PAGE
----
Edith Houghton claimed to have been "..born with a baseball in my hand," and played baseball so well that she was chosen to play on a women's team in the 1920's at the tender age of 10.  The Philadelphia Bobbies, named for the bobbed hairstyle that was popular with independent women at the time, was the only team for women, so they played against men's teams. The Bobbies had a chance to play exhibition games in Japan, another country that loved baseball, and traveled there by train and ocean liner.  Besides playing baseball with the Japanese teams, the women also experienced Japanese culture, a rare opportunity for most Americans.  Edith returned home and continued to play ball until she was 19.  Salerno enriches the story with vivid illustrations from charcoal, ink and gouache techniques that work perfectly with the text.  One of the best is a bird' eye view of the baseball team practicing on the ships deck while sailing to Japan.  A follow-up biography at the back of the book includes several photos of Edith and interesting facts about her.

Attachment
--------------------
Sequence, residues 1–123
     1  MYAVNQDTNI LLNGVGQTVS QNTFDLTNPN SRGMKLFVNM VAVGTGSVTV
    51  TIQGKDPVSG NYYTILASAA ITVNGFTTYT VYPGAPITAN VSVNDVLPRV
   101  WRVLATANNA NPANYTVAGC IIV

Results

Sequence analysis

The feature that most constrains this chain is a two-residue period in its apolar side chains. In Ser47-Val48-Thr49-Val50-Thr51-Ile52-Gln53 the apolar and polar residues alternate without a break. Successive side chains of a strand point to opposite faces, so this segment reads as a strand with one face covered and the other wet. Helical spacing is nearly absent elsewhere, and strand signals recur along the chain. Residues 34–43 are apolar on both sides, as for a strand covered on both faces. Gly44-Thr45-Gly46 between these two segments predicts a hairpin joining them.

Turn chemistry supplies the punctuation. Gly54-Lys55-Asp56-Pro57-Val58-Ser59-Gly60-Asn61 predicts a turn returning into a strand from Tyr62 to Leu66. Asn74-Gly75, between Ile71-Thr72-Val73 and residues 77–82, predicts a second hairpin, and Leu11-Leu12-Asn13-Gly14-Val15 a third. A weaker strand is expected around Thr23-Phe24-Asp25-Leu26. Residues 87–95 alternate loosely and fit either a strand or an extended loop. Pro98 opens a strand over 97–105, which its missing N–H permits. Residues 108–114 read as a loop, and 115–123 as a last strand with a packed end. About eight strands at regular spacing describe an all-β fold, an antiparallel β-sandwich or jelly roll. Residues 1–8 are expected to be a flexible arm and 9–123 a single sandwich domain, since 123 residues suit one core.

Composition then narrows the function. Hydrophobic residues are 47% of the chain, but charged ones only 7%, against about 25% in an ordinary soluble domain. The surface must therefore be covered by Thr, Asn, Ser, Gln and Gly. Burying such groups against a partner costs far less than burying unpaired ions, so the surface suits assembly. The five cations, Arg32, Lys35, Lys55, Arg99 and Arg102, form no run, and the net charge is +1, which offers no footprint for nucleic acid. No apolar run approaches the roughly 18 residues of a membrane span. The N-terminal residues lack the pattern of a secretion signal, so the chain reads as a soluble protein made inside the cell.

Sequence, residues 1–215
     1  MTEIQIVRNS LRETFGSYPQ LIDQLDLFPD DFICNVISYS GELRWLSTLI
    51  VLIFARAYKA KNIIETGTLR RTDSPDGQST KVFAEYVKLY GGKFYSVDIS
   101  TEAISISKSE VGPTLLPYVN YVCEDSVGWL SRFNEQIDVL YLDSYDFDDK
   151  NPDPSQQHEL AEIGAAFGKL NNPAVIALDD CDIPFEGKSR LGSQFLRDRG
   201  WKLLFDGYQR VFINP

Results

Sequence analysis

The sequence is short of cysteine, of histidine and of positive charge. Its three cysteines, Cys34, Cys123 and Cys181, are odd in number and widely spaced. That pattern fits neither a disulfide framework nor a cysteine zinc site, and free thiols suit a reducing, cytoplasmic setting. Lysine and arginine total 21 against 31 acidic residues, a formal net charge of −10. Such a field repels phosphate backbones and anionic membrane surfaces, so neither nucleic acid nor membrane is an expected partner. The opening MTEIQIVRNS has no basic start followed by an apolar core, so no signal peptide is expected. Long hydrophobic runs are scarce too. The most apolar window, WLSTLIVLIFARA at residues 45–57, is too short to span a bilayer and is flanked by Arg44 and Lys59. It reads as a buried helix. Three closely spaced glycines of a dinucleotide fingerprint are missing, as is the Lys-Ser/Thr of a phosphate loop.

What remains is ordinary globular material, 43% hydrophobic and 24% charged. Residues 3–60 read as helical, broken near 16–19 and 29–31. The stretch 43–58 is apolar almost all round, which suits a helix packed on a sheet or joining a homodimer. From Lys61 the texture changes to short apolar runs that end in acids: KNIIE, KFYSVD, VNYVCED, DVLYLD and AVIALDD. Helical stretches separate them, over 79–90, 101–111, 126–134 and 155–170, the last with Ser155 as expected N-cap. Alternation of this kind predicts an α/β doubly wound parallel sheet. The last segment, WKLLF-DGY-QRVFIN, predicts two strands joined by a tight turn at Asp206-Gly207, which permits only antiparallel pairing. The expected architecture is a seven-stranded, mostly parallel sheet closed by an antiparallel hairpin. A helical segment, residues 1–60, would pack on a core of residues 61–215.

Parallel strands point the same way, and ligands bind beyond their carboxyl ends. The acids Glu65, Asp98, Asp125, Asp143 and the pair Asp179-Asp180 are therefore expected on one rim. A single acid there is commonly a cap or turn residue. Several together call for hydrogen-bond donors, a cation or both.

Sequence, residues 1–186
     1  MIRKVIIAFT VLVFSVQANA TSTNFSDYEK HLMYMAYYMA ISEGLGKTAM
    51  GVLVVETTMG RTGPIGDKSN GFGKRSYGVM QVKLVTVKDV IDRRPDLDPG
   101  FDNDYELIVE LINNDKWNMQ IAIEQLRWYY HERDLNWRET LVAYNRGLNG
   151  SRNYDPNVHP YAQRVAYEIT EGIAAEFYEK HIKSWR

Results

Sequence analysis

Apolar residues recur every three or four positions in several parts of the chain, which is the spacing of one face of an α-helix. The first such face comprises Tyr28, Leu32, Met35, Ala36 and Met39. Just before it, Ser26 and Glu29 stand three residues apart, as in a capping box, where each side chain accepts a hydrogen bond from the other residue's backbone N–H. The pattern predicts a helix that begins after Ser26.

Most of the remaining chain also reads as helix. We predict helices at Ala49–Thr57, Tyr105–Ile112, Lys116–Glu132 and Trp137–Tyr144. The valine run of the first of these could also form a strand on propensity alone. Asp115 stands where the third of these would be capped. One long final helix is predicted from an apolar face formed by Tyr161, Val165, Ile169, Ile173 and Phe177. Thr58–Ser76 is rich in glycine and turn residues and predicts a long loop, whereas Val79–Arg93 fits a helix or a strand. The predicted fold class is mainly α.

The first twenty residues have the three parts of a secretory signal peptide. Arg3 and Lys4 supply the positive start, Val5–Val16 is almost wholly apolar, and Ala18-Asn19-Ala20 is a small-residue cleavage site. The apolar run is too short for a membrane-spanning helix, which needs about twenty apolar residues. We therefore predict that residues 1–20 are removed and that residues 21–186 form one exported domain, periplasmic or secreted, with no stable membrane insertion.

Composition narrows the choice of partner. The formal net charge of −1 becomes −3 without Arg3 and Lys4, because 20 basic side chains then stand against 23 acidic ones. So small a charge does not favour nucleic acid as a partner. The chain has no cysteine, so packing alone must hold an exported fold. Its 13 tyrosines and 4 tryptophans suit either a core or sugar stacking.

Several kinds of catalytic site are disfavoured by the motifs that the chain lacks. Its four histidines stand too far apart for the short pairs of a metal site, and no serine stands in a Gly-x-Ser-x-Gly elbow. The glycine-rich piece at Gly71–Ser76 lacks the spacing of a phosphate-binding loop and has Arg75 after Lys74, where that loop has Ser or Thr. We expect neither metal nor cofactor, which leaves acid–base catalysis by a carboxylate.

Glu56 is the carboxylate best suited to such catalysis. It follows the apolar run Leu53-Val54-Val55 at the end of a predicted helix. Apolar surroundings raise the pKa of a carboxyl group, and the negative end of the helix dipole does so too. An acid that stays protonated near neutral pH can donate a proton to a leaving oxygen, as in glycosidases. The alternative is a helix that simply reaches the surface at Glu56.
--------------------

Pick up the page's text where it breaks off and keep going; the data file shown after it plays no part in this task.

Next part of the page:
Lynette Suckow, Superiorland Preview Center, Marquette, MI

Tuesday, May 10, 2016

THE DARKEST PART OF THE FOREST by Holly Black. Little, Brown Books for Young Readers, 2015.  336p.  ISBN 978-0316213073 hc. $18.00   Gr. 9-12   TN FIC